UIAM Way Of Reducing Dental Treatment Fear

By Sakini Mohd Said

KUANTAN, Feb 19 (Bernama) -- "There is nothing wrong with my tooth. Why should I see the dentist? The tooth is in good condition, and I can eat."

That is the attitude of many people, and it is so widespread that it can be called a culture.

Many still think a dentist should be visited only when one develops a toothache.

Why is this so?

Is it the fear of a dental 'drill' in one's mouth or that of the high cost of treatment? These are only two of the several factors believed to keep people from visiting their dentists regularly.


The Dental Faculty Dean of Lincoln University College and Dental Public Health Senior Consultant Professor Dr Rahimah Abdul Kadir said close to 75 per cent of the country's population receiving dental treatment had a fear of seeing the dentist.

The fear arose from seeing dentists in their typical white overalls and holding dental instruments. This is known as the 'white coat syndrome'.

Not only small children, but adults too experience this fear.

In an effort to address the white coat syndrome, the dental faculty of the International Islamic University Malaysia (UIAM) adopted various measures, including colour variations in the dentist's attire.


This approach is fascinating.

Colours such as dark grey, blue and pink are used to clothe dentists, creating a different look from the usual 'white'.

Upon stepping through the glass doors of the Dental Facility at the UIAM campus in Kuantan, visitors are impressed with what they see.

From the sofa and walls to the 'dentist's tunic' worn by dental students, everything is in a brilliant range of colours.

This psychological approach attracts the attention of children and reduces feelings of tension and fear of the dentist.

By adopting such changes, the facility has attracted some 10,000 new patients a year, UIAM Periodontal Dentistry Specialist Dr Suhaila Muhammad Ali told Bernama.

"All dental students are required to discuss among themselves during the first year of their course and choose the colour of their overalls.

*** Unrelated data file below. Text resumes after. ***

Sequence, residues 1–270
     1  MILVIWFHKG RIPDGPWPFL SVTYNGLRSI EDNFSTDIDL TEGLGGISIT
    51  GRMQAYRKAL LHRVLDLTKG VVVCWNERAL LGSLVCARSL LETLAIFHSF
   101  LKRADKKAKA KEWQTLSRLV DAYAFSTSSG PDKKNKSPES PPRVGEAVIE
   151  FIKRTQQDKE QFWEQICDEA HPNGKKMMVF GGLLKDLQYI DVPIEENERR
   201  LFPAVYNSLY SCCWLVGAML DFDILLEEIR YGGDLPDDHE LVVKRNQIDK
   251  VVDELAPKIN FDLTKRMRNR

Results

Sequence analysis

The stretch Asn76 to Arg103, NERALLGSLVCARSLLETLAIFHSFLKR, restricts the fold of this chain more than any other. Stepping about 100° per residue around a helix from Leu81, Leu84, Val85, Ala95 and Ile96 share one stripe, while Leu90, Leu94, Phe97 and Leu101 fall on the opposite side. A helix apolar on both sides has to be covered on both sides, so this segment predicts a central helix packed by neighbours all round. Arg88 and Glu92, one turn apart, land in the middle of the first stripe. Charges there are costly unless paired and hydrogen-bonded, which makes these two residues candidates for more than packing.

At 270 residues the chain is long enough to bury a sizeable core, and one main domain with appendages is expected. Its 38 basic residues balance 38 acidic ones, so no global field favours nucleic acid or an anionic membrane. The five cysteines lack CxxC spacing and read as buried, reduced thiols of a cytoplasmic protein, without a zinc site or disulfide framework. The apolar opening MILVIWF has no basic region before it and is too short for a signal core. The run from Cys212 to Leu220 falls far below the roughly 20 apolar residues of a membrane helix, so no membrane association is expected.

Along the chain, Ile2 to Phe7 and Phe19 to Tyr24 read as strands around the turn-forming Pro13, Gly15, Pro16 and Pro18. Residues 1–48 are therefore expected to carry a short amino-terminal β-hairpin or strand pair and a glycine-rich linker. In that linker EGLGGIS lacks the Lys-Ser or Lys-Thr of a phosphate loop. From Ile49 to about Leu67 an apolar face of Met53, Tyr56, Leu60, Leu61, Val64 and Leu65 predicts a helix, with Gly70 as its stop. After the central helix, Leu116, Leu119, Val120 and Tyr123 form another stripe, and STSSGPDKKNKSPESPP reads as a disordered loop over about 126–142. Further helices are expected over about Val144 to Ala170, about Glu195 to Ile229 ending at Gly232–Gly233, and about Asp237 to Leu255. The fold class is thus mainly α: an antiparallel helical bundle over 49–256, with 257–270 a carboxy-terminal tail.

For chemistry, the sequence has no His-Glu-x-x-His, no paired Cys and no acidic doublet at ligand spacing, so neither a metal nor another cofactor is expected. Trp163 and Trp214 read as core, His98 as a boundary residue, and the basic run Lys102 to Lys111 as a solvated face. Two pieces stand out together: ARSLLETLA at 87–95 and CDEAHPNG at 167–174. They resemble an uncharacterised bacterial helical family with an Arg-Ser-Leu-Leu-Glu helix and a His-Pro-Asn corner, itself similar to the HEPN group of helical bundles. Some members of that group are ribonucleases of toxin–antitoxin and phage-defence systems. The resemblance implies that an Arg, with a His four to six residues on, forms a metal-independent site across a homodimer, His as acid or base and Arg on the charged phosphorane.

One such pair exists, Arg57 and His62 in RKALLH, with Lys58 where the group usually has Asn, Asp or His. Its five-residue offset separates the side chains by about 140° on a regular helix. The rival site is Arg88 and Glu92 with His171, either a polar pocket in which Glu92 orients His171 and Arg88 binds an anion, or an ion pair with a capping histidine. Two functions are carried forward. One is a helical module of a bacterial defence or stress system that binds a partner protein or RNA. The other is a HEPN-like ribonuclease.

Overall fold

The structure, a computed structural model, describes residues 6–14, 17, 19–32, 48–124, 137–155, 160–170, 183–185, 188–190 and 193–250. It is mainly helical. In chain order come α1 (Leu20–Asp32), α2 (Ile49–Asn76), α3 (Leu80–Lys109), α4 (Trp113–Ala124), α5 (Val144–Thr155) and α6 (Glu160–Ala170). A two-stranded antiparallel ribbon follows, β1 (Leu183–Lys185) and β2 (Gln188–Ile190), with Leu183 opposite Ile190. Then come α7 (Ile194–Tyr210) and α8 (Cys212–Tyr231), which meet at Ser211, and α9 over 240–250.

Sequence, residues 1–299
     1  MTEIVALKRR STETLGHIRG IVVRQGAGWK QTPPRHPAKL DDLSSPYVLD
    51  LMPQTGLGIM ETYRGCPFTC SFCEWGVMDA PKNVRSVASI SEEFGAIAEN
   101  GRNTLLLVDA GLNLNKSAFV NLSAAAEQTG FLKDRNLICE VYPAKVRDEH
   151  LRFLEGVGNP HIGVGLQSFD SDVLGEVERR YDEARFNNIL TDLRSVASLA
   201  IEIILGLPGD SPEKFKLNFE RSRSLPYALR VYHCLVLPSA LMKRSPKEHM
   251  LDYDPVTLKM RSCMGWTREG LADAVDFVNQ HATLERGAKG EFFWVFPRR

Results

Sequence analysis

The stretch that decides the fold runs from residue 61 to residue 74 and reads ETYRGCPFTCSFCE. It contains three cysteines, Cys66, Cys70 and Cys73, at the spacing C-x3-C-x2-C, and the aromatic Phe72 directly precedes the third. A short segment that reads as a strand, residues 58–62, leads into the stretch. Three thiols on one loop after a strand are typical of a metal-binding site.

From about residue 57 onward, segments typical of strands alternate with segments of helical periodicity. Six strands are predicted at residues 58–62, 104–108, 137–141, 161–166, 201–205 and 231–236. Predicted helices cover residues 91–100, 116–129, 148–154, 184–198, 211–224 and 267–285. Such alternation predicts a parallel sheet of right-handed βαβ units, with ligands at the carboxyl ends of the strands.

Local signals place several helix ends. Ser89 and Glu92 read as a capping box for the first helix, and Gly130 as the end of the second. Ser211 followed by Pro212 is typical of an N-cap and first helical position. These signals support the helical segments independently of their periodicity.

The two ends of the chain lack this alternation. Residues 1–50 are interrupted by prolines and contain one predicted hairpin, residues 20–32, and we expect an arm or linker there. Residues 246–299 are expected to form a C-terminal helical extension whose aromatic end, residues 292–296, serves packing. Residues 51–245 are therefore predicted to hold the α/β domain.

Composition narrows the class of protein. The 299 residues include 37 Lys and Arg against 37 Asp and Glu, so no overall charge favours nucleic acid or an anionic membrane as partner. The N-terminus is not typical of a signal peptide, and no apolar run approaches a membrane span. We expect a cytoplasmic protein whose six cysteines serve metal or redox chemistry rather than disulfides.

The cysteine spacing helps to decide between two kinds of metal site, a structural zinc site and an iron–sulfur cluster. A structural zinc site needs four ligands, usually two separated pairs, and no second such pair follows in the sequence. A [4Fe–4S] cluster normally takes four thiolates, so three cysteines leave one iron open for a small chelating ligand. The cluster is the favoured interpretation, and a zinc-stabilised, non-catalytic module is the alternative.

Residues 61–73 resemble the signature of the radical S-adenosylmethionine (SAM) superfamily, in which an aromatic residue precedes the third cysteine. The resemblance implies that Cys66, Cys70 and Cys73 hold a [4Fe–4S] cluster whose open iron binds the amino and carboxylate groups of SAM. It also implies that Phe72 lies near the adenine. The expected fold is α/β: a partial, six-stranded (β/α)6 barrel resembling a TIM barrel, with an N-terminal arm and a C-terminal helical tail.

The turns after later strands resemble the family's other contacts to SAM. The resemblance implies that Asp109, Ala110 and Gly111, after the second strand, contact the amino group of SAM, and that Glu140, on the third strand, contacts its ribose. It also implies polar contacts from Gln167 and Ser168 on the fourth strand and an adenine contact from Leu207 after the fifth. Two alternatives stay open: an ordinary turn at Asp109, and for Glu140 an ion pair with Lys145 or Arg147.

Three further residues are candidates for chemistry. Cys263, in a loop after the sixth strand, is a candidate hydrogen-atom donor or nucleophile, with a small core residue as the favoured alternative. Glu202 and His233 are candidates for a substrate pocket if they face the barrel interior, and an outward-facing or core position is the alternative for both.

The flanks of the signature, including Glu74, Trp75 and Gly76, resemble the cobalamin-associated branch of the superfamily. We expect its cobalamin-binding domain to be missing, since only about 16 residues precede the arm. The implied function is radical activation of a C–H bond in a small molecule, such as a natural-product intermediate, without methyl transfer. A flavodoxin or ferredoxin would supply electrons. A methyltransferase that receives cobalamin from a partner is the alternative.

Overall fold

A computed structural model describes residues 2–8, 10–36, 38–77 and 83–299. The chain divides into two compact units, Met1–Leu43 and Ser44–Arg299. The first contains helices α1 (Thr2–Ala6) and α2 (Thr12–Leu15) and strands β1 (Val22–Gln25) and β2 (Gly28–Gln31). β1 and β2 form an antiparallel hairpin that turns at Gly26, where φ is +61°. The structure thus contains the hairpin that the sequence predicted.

"They are not allowed to choose white. Their overalls are meant to not only do away with fear and create a brilliant atmosphere, but also to enable us to identify which batch they are from," she said.


While the colour approach may be able to dissipate fear, apprehension may return once patients are seated in dental chairs and see the various dental instruments, causing them to recollect past dental experiences.

To address this problem, UIAM's Dental Polyclinic provides LCD televisions at each dental cubicle as a way to allay the patient's apprehension.

The polyclinic is equipped with 150 LCD televisions imported from Finland.

"Patients can request any show. This psychological approach can help the patient relax when the treatment is on," she said.


Patients who receive treatment at UIAM's dental polyclinic do not have to pay any charges, regardless of the type of treatment administered.

The treatment provided at the polyclinic ranges from the preparation of dentures to that of dental fillings, as well as the scaling and polishing of teeth.

Using this strategy, UIAM wants to attract as many patients as possible for the clinical training of its dental students.

But there is an area of concern.

Is the treatment administered by students safe?

Speaking of this, Dr Suhaila explained that the dental treatment and services rendered were safe and of high quality, even though dental students were involved.

She said the students were supervised by their lecturers during the clinical sessions at the polyclinic and were also required to discuss with their lecturers before carrying out any procedures.


Not only are dental students required to discuss with their lecturers before commencing any procedure, each and every step they take is monitored by the lecturer in charge of the student.

"The duration of the dentistry course at UIAM is five years and divided into two phases. The first and second years are in the first phase, which is the pre-clinical stage.

"During the preclinical stage, everything is simulated and students learn practical work using dummies. They perform procedures on dummies until they master the skills needed.

"Students are required to pass a simulation examination before they advance to the clinical stage (Year 3, 4 and 5), where they treat real-life patients at the polyclinic," she said.


UIAM has spent RM132 million to establish its dental facility. This includes constructing simulation and consultation rooms, a dental polyclinic and laboratories.

The faculty is also equipped with the 'Cone Beam Computed Tomography' (CBCT) system -- a three-dimensional x-ray imaging facility.

The images produced via this system facilitate the identification of dental problems and the treatment needed.